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Under The Surface

Under The Surface

A golden trout swimming in a stream.

Rainbow trout conservation and pride in the outdoors

Rainbow trout were plentiful while I was growing up in Oregon. They often were the target of my fly fishing pursuits. My first sizeable Deschutes River Redside made it clear that there was something different about some trout, but it wasn’t until I started nerding-out in the world of O. mykiss that I discovered the diversity of what I thought was just “rainbow trout.”

Though debated, there are at least 15 distinct subspecies of rainbow trout with unique distributions. The subspecies of rainbows differ drastically in coloration; the Golden Trout, native to only a couple streams in the Southern Sierra, is a stunning example. Rainbows prefer and are adapted to specific habitats, ranging from the high desert to the Pacific rainforest. They have different diets, too, whether it’s krill and fish or the tiniest of insects. Some even exhibit several life histories – with the iconic “steelhead” being the most drastic example – spending a portion of their lives in the Pacific.

As a species, the rainbow trout is flourishing. Robust hatchery programs churn out catchable trout by the millions that are stocked in lakes and streams across the country. The rainbow trout’s range has expanded because of human intervention to every continent aside from Antarctica, and “wild” populations exist in over 40 countries. In an attempt to elicit some hate-mail, it is often the case that those transplanted specimens are a far cry from their ancestors raised in their native waters out West.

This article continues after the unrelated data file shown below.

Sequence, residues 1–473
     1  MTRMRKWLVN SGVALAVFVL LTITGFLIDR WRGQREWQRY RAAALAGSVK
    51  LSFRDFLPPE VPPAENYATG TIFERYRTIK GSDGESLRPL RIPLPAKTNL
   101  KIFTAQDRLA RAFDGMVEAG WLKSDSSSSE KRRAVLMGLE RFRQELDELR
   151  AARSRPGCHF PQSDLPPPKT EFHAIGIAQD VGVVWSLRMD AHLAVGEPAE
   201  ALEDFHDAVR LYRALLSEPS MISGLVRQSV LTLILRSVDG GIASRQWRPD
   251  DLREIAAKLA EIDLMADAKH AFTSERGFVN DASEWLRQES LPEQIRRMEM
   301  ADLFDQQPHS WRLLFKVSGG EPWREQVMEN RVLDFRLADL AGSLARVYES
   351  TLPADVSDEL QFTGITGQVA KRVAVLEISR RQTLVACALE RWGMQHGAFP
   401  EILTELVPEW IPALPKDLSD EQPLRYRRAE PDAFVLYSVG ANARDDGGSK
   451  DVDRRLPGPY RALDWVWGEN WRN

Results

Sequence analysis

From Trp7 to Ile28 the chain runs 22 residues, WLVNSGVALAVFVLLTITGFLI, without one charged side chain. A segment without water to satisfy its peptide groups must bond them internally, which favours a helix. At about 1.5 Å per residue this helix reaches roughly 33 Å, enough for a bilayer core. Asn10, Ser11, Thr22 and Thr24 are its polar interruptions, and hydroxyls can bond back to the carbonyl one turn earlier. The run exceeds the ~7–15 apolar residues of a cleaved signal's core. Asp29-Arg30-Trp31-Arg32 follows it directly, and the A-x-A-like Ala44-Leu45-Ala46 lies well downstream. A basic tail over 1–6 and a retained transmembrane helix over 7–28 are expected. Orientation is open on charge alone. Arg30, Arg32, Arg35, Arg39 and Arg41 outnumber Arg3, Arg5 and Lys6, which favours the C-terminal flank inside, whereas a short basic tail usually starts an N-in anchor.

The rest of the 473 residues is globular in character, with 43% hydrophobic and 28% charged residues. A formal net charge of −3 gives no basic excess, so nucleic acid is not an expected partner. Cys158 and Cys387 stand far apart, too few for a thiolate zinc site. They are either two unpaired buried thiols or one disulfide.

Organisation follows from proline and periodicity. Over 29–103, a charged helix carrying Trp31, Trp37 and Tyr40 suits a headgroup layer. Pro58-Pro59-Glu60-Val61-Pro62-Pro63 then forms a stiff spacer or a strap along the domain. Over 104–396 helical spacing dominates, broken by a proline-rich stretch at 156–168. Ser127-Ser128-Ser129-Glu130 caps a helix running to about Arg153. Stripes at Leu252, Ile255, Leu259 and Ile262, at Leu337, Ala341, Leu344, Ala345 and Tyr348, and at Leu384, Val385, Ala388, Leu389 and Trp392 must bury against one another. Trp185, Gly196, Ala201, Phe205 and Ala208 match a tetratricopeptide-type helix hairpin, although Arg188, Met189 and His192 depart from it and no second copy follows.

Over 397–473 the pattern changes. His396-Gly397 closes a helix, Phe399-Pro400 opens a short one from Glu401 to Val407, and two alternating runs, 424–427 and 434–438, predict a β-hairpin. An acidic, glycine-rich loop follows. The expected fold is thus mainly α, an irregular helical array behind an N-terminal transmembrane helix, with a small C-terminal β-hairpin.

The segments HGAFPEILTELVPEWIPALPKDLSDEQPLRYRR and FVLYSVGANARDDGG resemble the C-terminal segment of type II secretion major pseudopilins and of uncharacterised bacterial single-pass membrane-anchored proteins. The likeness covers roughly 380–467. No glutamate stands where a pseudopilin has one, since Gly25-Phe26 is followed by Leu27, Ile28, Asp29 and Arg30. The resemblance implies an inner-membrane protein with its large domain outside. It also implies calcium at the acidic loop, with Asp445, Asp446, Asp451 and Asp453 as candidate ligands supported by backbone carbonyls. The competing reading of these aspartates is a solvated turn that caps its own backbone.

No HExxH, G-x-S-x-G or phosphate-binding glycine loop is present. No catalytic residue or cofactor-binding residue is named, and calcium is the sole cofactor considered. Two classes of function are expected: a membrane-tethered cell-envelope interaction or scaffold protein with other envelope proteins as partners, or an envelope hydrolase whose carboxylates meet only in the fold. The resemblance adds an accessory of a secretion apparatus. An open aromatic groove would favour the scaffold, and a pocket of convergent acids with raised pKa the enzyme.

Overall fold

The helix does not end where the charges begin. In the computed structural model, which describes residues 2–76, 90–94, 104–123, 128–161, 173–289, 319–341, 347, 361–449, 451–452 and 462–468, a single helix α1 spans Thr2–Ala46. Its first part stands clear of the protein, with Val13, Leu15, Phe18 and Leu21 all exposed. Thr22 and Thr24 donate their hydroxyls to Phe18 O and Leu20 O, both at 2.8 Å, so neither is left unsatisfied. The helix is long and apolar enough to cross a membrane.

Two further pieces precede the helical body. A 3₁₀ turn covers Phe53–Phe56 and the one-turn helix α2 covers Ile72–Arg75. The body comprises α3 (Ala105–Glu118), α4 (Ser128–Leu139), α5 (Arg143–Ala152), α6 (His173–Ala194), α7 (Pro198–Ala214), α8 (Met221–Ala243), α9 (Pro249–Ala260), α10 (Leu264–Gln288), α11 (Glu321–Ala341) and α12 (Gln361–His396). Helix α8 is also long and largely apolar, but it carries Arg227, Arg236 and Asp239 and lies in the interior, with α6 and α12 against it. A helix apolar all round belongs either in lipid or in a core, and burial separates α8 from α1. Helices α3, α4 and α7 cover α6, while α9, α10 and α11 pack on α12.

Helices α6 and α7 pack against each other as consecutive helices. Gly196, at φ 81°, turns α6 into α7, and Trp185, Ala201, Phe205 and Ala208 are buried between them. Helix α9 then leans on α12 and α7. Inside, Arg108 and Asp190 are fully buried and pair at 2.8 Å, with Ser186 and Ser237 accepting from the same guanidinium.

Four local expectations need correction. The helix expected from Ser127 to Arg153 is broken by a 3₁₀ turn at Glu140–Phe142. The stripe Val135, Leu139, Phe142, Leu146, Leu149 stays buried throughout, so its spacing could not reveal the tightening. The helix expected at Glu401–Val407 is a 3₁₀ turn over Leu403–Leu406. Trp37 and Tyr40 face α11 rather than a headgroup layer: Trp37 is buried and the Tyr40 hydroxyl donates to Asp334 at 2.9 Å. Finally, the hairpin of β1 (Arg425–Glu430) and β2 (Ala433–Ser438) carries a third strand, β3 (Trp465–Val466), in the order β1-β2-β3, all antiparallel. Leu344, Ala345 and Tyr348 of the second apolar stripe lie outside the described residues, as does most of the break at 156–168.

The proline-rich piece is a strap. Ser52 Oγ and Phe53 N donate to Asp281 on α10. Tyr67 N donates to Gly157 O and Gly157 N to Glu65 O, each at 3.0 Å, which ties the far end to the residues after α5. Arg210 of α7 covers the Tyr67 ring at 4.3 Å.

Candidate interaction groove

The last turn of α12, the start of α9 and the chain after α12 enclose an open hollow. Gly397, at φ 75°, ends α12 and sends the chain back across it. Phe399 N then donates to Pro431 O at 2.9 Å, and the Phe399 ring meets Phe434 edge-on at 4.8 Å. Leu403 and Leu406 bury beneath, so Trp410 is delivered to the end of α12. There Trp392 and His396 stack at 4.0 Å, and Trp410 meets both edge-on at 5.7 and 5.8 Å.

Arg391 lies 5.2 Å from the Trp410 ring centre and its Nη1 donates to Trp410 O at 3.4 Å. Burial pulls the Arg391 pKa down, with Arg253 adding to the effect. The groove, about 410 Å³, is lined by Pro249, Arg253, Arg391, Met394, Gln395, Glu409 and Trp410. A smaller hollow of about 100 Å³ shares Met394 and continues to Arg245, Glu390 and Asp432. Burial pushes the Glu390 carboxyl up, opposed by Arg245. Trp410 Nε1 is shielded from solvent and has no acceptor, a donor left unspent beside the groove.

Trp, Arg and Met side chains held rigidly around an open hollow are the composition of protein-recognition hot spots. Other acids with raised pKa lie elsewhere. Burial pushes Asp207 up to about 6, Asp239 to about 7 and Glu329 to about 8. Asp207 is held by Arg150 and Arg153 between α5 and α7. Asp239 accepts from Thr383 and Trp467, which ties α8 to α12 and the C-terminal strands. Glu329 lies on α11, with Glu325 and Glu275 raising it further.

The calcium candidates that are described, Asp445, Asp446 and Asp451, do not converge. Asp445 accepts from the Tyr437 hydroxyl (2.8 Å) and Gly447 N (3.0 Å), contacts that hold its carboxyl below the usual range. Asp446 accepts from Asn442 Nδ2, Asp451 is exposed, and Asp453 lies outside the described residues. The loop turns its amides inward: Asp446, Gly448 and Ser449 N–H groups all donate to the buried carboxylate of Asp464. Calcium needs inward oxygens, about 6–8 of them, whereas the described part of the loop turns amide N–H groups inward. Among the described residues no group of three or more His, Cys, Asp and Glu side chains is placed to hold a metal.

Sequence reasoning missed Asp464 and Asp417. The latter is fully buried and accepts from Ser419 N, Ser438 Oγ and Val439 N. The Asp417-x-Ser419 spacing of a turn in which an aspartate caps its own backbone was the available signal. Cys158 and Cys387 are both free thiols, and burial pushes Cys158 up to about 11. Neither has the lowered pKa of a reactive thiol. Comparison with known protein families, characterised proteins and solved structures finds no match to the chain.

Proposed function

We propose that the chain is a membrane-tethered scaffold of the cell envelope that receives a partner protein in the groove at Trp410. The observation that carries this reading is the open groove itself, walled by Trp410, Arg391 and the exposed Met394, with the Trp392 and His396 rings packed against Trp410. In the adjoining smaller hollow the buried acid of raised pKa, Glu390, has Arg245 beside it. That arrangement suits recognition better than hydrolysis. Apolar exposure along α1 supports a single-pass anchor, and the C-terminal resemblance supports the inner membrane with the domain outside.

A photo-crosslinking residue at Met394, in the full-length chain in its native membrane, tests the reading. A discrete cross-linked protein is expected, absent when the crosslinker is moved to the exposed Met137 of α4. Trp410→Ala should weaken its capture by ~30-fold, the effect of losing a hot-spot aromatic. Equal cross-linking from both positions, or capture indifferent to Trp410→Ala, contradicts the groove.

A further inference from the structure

That being said, unique, specifically adapted subspecies of the rainbow trout are under threat of extinction. Whether it’s urban development, grazing, disease, deforestation, hybridization, climate change, invasive species, or any other number of causes, rainbow subspecies such as the Little Kern Golden, Beardslee trout, Kern River Rainbow, and a number of distinct steelhead populations are threatened or endangered under state or federal law.

Groups such as Trout Unlimited and the Fly Fishers International are putting in the finances and work to help protect these unique trout, but the more attention to the value and awesomeness of these fish is vital – and fishing for them (in a responsible manner and pending the extent of the population) is a great way to increase personal value for any angler.

I view the rainbow trout as a great fishy symbol for the LGBTQ+ community. Aside from the obvious perfection of the “rainbow” long being a symbol of the community, I drew a loftier connection to my own struggle as a gay man and the struggles I’ve seen so often repeated in and out of the angling and hunting community for LGBTQ+ individuals. Each struggle is unique and often stays internalized.